EACH TIME you see your health-care provider, you probably assume that the advice given during the session is headed in a single direction – from the medical expert to you.
After all, you are there to learn how to take better care of yourself.
But, believe it or not, your health-care provider is learning from you as well.
Communication Is A Two-Way Street
Have you ever left your health-care provider’s office more confused than enlightened?
Medical folks frequently throw around scientific terms that are unfamiliar to many individuals.
Communication only works when both parties understand each other.
Hopefully, more health-care professionals now understand this valuable lesson.
Diabetes Is A Very Personal Issue
It is fascinating to read about all of the developments happening in the world of diabetes, but for those who have it, their main focus is on their own health.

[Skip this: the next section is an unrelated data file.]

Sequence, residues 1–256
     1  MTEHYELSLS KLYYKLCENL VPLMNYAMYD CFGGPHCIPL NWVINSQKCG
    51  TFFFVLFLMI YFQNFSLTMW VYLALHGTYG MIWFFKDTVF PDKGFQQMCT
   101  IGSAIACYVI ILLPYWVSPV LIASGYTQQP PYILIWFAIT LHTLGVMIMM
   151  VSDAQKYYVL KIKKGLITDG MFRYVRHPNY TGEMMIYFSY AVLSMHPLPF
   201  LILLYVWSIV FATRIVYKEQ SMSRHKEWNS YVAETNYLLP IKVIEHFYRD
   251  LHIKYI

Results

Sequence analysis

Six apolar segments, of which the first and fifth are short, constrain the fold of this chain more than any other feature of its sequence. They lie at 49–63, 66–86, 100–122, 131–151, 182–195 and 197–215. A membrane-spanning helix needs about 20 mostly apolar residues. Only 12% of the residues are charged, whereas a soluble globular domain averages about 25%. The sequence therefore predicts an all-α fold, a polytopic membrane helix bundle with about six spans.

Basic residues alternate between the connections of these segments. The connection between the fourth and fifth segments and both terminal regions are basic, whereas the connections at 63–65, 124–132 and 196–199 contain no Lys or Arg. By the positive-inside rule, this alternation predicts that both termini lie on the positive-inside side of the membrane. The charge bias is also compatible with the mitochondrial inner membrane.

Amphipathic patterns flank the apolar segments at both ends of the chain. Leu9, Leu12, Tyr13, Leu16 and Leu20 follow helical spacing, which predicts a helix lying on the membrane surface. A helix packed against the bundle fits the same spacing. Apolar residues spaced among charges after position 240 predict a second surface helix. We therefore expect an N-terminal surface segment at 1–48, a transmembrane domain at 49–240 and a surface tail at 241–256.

Your health-care professional must appreciate that you and your specific needs come first, rather than just citing the latest study that has been conducted on diabetes.
When I first began counseling people with diabetes more than 25 years ago, I taught patients to adhere to the guidelines set out by a particular diabetes organization.
Over the years, my patients have taught me that there are a variety of ways to care for diabetes.
“I was reminded that I needed to treat people with respect for the vast knowledge that they possessed.”
Remember life before computers?
In those days, people with diabetes relied heavily on their health-care providers as their main source of medical information.
Nowadays, individuals often enter the doctor’s office with an extensive amount of knowledge.
This heightened awareness enables patients and health care practitioners to develop a true partnership.
The doctor is no longer a benevolent “parent” who tells the “child” exactly what to do.
Now, the doctor and patient can be a team that explores treatment options together.
Yes, as health-care providers, we do learn a great deal from you.